This study included over 2,000 pain patients in Columbia and was conducted between May and September 2021. It was published in Frontiers in Pain Management in March 2022.
It was an observational retrospective cohort study which means it was derived from patients self-reporting (observational) their clinical outcomes. Researchers analyzed the data after (retrospective) it was collected from patients (as part of their treatment) by the Latin American Institute of Neurology and Nervous System (ILANS-Zerenia) in Bogotá, Colombia.
76% of the participants were female with an average age of 59 years old. Overall, 92.5% (1,955 patients) reported some improvement in their primary symptom (p < 0.001). The average improvement reported was about 55% (± 25%, p < 0.001).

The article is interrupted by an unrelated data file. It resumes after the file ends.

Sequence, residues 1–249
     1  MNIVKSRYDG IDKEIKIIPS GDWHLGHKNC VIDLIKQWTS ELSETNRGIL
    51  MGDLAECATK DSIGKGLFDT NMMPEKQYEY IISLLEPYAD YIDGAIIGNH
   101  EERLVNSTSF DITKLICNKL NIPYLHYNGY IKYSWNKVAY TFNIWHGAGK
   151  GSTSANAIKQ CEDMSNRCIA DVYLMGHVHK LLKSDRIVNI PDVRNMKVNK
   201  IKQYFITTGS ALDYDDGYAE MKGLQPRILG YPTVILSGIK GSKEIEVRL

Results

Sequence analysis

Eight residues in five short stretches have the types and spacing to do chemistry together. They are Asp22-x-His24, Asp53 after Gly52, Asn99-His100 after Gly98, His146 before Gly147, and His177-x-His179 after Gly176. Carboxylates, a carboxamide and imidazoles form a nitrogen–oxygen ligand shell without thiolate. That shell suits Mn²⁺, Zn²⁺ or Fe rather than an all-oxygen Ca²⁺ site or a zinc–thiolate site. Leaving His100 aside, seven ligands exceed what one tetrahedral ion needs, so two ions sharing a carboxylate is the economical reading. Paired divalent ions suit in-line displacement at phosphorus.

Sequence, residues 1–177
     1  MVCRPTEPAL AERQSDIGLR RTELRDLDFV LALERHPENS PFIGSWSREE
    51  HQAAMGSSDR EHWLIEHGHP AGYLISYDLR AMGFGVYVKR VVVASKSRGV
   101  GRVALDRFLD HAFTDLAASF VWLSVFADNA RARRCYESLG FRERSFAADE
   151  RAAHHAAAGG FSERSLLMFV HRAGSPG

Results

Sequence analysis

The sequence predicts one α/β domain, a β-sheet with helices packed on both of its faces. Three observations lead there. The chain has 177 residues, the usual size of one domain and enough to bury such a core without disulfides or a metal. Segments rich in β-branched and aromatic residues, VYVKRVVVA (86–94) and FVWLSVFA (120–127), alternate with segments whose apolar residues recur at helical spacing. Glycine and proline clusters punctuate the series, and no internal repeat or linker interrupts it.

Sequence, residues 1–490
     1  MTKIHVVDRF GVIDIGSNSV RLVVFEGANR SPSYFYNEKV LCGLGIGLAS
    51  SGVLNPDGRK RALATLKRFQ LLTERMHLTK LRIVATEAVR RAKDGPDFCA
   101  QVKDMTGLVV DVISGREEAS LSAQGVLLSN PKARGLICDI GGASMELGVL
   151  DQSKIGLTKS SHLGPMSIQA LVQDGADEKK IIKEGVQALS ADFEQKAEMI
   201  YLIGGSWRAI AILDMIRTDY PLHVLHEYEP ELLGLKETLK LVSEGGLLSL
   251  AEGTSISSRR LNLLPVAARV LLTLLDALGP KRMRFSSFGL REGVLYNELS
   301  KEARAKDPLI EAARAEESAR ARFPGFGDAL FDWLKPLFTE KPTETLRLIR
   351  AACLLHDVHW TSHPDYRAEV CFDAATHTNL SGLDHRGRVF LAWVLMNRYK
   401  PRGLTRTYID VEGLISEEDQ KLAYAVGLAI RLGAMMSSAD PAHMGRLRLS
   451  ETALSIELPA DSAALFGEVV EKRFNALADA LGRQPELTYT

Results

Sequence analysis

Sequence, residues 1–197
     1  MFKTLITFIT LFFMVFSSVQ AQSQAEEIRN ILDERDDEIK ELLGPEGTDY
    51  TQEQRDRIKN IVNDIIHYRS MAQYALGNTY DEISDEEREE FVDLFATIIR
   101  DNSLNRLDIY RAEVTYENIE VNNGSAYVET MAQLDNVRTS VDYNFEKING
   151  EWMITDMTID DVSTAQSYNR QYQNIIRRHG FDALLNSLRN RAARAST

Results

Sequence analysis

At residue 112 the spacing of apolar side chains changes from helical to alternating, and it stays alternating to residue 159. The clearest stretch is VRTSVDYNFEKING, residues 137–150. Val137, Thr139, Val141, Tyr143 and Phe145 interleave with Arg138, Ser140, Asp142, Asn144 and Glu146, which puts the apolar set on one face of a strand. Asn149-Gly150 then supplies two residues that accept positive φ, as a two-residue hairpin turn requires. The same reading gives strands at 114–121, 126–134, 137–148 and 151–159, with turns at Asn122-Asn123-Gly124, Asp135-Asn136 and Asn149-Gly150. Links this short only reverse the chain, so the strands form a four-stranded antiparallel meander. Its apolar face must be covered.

Two single cultivar (strain), full-spectrum, oral cannabis concentrate formulations containing either mostly cannabidiol (CBD 30 mg/mL; THC <2 mg/mL) or a balanced formula (THC 12 mg/mL; CBD 14 mg/mL) accounted for more than 99% of all prescriptions (59.5 and 39.8%, respectively).
The average daily dose of THC consumed by patients treated with the balanced (CBD & THC) concentrate ranged between 9.4 and 17.4 mg per day (which means about the equivalent amount of CBD, too), and the average dose of CBD for patients treated with CBD-dominant concentrate ranged from 25.6 to 48.5 mg per day (and a very small amount of THC).
- "Our results constitute the first real-world evidence on the clinical use of medicinal cannabis in Colombia and suggest that cannabis-based oral magistral formulations represent a safe and efficacious adjuvant therapeutic option in the management of chronic pain."
The full text article is here at Frontiersin.org.